The 2007 analysis provided a comprehensive background of the longstanding mandate and legislative authority for the participation of AMCs in the wider United Nations system in furtherance of enhanced international organization participation of associate member and other non-independent countries. The study also formulated a comprehensive plan of action for the further integration of the AMCs in the United Nations process emanating from the findings. It was the first such comprehensive study of its kind aimed at the inclusion of the non-independent countries in the UN system. Efforts are underway to update the two studies and to design modalities to disseminate the information to the AMCs.

These studies are available on the website of the Subregional Headquarters of ECLAC at: http://www.eclac.cl/portofspain/default.asp?idioma=IN

According to Miguel d'Escoto Brockmann, President of the 63rd Session of the General Assembly, "the UN Summit on the economic crisis in June will provide the international community with "an historic opportunity — and a collective responsibility — to bring new stability and sustainability to the international economic financial order."

The Overseas Countries and Territories (OCTs), most of which are associate members of either ECLAC or ESCAP, have an important opportunity to benefit from the international deliberations at the Summit given the impact of the crisis on their respective economies. They should actively participate in the proceedings at the highest level.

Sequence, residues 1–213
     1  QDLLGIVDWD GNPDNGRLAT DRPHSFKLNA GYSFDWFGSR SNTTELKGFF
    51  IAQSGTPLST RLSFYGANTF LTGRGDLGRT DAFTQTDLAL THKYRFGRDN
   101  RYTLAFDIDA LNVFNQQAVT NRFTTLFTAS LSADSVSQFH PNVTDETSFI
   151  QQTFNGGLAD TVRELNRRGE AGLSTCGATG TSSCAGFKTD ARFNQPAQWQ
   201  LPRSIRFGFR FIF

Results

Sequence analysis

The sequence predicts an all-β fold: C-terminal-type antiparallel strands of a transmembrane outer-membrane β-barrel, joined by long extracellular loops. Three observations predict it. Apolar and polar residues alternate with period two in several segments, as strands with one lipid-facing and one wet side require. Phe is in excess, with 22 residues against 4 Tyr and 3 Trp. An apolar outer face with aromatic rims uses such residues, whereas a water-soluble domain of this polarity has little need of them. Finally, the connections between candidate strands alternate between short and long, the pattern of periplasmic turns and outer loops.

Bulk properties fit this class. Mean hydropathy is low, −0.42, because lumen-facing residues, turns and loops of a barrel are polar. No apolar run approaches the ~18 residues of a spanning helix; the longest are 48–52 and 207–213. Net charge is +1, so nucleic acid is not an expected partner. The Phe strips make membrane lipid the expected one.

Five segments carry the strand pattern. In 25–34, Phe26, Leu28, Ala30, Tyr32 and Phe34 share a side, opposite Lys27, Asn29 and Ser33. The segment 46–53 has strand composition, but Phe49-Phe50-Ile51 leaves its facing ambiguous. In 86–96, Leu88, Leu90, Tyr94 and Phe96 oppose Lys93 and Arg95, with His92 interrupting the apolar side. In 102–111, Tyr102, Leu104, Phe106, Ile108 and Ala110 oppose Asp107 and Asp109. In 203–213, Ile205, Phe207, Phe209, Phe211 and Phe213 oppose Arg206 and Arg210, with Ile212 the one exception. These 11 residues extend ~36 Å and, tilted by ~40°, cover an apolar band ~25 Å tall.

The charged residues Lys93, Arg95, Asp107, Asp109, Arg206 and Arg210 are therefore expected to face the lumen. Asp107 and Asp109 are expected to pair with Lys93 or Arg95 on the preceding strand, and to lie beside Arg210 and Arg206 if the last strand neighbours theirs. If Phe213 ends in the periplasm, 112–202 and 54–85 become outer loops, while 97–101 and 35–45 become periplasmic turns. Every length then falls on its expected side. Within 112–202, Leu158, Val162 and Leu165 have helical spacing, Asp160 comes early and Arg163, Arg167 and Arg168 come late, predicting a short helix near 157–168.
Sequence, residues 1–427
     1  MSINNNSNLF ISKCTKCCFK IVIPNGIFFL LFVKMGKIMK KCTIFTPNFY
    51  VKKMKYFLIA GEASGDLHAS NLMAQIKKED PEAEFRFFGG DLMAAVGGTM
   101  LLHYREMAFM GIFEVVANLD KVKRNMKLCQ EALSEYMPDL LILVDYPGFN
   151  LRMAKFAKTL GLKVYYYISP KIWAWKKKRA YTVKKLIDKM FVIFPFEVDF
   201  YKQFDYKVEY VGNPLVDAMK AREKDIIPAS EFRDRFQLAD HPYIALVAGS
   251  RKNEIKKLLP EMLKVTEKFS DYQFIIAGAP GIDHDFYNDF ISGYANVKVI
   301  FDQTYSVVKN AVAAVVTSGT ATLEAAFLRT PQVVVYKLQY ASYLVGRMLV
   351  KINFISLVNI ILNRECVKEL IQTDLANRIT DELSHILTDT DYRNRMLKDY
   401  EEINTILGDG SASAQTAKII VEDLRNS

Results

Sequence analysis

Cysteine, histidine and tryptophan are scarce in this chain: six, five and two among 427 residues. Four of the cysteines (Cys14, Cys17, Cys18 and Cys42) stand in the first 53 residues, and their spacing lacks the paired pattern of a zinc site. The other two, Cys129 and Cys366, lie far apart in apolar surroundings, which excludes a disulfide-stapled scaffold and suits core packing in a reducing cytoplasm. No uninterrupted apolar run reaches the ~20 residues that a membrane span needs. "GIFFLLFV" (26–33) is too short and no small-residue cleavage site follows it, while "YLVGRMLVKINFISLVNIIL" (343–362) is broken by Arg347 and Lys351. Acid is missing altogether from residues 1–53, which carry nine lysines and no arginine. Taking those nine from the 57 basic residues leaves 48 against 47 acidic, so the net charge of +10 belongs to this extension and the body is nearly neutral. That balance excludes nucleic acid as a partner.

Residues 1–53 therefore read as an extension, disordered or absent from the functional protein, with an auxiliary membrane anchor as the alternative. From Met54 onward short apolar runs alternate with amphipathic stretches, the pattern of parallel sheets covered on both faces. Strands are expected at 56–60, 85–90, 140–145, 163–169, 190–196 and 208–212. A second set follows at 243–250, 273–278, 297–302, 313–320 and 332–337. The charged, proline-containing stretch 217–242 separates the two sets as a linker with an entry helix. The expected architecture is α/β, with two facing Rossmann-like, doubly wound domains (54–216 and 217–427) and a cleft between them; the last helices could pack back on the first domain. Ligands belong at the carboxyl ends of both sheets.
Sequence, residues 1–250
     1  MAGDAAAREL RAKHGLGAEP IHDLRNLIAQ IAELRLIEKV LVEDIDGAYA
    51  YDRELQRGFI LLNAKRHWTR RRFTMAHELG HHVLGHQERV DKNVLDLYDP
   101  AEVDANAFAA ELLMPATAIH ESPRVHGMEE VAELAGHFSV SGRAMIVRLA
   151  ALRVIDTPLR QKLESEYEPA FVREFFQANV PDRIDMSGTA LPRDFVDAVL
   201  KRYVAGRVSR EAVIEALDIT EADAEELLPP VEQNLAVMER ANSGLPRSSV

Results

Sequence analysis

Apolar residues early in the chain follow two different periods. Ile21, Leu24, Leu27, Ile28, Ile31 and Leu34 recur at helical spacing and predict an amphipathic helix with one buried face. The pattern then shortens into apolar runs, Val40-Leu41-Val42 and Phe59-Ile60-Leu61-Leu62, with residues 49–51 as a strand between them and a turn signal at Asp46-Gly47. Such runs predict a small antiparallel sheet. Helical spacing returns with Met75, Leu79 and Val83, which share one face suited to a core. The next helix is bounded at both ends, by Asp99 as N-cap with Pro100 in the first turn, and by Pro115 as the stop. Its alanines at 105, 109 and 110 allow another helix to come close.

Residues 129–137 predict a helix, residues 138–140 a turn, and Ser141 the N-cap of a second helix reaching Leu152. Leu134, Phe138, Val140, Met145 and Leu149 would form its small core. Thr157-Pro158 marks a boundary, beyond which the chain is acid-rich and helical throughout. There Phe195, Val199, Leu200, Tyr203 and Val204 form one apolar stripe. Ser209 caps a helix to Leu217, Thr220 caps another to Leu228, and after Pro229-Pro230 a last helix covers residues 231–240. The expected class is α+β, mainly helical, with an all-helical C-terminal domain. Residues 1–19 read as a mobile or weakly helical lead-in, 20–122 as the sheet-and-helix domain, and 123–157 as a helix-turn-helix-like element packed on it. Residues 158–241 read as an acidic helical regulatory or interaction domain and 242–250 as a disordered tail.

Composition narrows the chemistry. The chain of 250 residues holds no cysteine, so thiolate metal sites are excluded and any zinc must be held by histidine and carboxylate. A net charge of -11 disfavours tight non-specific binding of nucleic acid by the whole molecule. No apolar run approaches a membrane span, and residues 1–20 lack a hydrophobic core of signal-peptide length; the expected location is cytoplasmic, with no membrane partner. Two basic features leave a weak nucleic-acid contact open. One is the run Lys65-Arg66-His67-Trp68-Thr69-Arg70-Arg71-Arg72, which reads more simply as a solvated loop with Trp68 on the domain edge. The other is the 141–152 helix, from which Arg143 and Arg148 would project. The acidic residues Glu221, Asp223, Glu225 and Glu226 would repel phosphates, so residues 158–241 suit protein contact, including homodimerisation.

Further information on the Summit is available on the UN website at: http://www.un.org/ga/econcrisissummit/.

Eligible Associate Members to the UN Conference

American Samoa
British Virgin Islands
Cayman Islands
Northern Mariana Islands
French Polynesia
Netherlands Antilles
New Caledonia
Puerto Rico
Turks and Caicos Islands
US Virgin Islands

19 May 2009

Virgin Islands Self-Determination – A Pan African Perspective

As the United Nations begins its 2009 consideration of the remaining, mostly small island, non self-governing territories under international consideration, Virgin Islands writer and activist K. Leba Ola-Niyi provides a Pan African perspective on the self-determination process of that Caribbean dependent territory.

by K. Leba Ola-Niyi,
St. Thomas, Virgin Islands

In his book "America s` Virgin Islands," William Boyer wrote: "As an unincorporated territory, along with Guam, the Virgin Islands occupied the lowest rung of the American colonial ladder, a status that obligated the United States government to make yearly reports to the United Nations." An incon¬venient truth is that an unincor¬porated status is a colonial or non-self-governing territory. When we look at the UN list of 16 Non Self-Governing Territories, the U.S. Virgin Islands are one of such over¬seas territories that -have not yet been totally decolonized.

Let us be aware of the colonizers' policy of indirect rule. In his book "Virgin Islands," Gordon Lewis wrote: "Like all the Caribbean colonies, the Virgin Islands have been governed by the imported constitutional models of the respec¬tive metropolitan centers, first Copenhagen, then Washington. The governmental institutions of the present-day period are thus colonial replicas of those models with their legal-constitutional framework derived from the major metropolitan enabling acts - the Danish Colonial Law of 1906, the terms of the 1917 transfer, the 1917 Act of Congress passed by Congress to provide a temporary government, the first and second Organic Acts passed by Congress in 1936 and 1954, respectively, and most recently the Elective Gov¬ernor Act of 1968."